Effects on Work, School, Daily Activities

Marijuana use may impact work, school, and other activities short- and long-term.

  • Marijuana’s effects may last for days, or even weeks, after use. It depends on the individual’s use, but they may have trouble with attention, memory, and learning

  • Study results suggest that long-term, heavy marijuana use in the teen and young adult years has impacts later in life. There may be:

    • Lower satisfaction with relationships and life

    • Negative educational and financial consequences

    • Work problems (e.g. decreased commitment to work, underachievement etc.)

    • Risk of accidents and injuries (e.g. car accidents, sports injuries etc.)

Long-term Effects

Marijuana can affect brain development in young people. Although research continues, it may affect the formation of “connections” needed for thinking, memory, and learning. Marijuana may also cause other physical effects including:

Long-term Psychological and Behavioral Effects

The psychological and behavioral effects may include:

  • Decreased motivation

  • Possible increase in anxiety and depression

  • Loss of contact with reality (psychosis) with long-term, regular use of very potent marijuana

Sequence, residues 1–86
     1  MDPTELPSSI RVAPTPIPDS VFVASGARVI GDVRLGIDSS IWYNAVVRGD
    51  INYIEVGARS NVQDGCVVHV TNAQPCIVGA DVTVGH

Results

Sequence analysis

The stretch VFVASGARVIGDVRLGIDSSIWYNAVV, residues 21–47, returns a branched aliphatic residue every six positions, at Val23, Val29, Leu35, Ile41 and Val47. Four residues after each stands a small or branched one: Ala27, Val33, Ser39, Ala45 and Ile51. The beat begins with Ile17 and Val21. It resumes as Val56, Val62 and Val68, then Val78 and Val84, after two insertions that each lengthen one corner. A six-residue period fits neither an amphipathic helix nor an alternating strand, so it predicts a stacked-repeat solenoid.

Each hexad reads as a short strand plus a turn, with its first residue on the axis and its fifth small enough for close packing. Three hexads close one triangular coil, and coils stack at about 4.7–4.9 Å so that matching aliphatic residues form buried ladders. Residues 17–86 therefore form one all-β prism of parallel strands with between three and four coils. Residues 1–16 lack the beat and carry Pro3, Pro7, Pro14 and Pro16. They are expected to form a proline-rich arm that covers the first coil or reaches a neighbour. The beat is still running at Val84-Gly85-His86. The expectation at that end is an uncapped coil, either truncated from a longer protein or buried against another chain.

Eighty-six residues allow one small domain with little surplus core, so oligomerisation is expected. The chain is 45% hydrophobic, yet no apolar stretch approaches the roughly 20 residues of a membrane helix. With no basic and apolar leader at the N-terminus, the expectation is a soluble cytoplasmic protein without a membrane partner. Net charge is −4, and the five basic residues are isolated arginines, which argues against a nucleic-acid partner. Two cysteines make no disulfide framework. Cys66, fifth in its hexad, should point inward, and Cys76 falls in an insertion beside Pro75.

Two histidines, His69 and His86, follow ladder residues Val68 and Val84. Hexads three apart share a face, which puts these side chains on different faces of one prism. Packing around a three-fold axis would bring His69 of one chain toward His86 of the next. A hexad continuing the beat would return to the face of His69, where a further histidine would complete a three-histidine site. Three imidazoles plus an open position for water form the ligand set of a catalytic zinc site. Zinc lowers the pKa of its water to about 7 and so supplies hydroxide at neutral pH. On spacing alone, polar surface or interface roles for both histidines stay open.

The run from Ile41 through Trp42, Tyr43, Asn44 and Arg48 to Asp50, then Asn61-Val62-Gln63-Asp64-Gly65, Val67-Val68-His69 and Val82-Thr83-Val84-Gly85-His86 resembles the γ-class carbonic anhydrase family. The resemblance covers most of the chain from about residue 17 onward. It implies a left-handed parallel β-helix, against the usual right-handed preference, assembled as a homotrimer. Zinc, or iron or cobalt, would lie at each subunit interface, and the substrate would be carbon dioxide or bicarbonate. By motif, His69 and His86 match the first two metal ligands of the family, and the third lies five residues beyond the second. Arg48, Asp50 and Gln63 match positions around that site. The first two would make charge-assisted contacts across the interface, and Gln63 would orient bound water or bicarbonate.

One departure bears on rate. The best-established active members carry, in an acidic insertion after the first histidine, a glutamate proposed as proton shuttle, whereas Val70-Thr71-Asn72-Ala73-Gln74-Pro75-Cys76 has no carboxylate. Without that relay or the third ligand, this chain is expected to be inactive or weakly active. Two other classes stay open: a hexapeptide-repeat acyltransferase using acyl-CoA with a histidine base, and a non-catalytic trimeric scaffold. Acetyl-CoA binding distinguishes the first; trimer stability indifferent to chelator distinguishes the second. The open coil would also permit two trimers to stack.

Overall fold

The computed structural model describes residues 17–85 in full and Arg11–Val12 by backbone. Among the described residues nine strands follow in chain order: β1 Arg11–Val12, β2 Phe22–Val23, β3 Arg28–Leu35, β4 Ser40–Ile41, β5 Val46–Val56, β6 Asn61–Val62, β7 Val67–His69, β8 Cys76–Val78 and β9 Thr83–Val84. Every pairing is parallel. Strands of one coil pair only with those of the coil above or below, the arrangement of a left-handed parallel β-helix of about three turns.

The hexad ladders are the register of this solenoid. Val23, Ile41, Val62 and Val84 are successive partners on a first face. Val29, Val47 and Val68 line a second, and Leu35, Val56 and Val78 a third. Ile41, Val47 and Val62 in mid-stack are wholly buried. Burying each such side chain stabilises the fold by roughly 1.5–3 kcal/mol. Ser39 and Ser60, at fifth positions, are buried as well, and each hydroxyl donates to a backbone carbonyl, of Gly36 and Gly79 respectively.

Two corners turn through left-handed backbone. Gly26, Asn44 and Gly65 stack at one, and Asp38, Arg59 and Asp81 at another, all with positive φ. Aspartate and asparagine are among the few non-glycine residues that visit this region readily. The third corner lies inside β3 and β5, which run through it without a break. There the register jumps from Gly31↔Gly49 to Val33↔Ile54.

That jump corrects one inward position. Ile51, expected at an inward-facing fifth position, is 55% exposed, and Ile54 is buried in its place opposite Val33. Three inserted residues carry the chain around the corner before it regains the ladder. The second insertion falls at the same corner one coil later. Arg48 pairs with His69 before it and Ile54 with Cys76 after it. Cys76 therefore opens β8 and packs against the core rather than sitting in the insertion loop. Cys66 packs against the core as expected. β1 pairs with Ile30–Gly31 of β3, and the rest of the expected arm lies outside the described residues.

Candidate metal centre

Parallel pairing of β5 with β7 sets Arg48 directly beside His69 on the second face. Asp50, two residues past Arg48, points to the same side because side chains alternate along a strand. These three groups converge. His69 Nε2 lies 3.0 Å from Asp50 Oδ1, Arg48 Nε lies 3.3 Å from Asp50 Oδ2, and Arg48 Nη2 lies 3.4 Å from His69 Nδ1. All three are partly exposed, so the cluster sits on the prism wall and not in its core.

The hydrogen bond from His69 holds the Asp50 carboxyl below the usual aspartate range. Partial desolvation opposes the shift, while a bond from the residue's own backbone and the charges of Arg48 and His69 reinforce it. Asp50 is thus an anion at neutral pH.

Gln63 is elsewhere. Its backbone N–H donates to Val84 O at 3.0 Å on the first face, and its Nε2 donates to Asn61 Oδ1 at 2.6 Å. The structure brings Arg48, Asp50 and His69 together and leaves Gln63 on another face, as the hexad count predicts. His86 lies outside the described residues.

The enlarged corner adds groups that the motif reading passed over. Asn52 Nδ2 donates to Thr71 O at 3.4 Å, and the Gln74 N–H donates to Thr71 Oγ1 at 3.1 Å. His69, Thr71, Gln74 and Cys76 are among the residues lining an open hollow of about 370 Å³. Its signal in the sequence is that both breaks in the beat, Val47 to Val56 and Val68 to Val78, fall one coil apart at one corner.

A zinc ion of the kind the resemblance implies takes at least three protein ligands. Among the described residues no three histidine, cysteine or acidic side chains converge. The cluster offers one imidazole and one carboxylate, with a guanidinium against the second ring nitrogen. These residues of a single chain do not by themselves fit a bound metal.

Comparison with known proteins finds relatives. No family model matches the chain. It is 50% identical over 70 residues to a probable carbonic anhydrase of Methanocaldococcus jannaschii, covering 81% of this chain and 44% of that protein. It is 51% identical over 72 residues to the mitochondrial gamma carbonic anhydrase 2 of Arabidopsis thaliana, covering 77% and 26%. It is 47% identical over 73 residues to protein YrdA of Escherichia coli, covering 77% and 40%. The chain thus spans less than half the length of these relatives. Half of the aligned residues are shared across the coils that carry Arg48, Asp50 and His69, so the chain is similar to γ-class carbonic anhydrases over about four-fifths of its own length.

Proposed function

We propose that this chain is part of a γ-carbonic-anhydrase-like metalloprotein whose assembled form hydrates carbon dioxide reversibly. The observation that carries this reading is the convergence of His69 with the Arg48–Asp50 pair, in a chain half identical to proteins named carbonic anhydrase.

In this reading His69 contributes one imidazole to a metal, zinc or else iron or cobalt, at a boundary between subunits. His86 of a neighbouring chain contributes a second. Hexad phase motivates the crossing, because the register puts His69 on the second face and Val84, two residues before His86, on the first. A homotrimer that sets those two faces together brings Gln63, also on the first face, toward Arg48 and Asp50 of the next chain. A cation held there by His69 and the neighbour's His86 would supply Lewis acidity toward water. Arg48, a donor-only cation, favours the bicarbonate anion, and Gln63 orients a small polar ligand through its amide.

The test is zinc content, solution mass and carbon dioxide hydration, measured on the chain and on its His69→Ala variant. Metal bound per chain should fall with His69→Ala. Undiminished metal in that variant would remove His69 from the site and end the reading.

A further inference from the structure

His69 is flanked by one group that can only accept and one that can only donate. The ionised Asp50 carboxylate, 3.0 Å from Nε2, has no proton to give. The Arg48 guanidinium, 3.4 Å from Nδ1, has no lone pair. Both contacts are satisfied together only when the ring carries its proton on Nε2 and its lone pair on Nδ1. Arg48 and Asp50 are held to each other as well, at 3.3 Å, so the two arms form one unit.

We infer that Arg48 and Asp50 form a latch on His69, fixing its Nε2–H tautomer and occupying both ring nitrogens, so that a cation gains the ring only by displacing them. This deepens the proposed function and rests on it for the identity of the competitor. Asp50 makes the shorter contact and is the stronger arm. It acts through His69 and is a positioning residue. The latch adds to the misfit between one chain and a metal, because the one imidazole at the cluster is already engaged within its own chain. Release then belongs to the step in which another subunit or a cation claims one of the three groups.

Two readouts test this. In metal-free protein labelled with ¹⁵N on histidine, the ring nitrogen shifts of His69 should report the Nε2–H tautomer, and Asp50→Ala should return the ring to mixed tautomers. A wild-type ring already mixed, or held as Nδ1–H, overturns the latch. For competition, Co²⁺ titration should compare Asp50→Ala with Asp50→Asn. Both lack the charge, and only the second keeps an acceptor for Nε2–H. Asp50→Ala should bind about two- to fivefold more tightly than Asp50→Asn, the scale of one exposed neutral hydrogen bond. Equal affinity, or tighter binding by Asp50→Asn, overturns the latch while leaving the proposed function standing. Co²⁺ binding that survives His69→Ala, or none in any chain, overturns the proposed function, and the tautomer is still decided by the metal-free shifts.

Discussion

Pregnancy, Breastfeeding, and Marijuana Use

Marijuana use during pregnancy is associated with fetal and child development problems and may be linked to preterm birth, low birth weight, and placental problems. THC in breast milk may affect a baby's brain development.

Marijuana Use Disorder

Marijuana use disorder is common. The American Psychiatric Association defines marijuana use disorder as including the following signs:

  • Using more than intended

  • Unable to quit use

  • A lot of time spent using

  • Cravings for marijuana

  • Using even though it causes work, school, or home problems

  • Continued use even with physical, psychological, or relationship/social problems

  • Giving up important activities

  • Using in high-risk situations (e.g. driving)

  • Needing to use more to get high (tolerance)

  • Withdrawal symptoms when stopping (dependence)

In severe marijuana use disorder, a person may become addicted. This means a person cannot stop using marijuana even though it’s interfering with many aspects of their life (e.g. physical and psychological health, relationships, work and school, social situations, finances, etc.).

Stopping or Reducing Use

You read about the negative effects of using marijuana. By stopping your use (or even reducing your use), you can lessen the risk of those consequences. 

Think about it… In what ways can you benefit by reducing or stopping marijuana use?

If you want to stop or reduce your marijuana use, the following can help: 

  1. Work with your coach to create a plan and set goals. 

  2. Use reminders to help you follow your plan. The reminders may be smartphone alerts, written Post-ItⓇ notes, calendar entries, etc.

  3. Avoid triggers. They may be people, places, or situations. 

  4. Have support in place. If you want to stop or use less marijuana, share the information with a close friend or family member - they can provide support. Of course, your Goodpath coach is also someone who can help.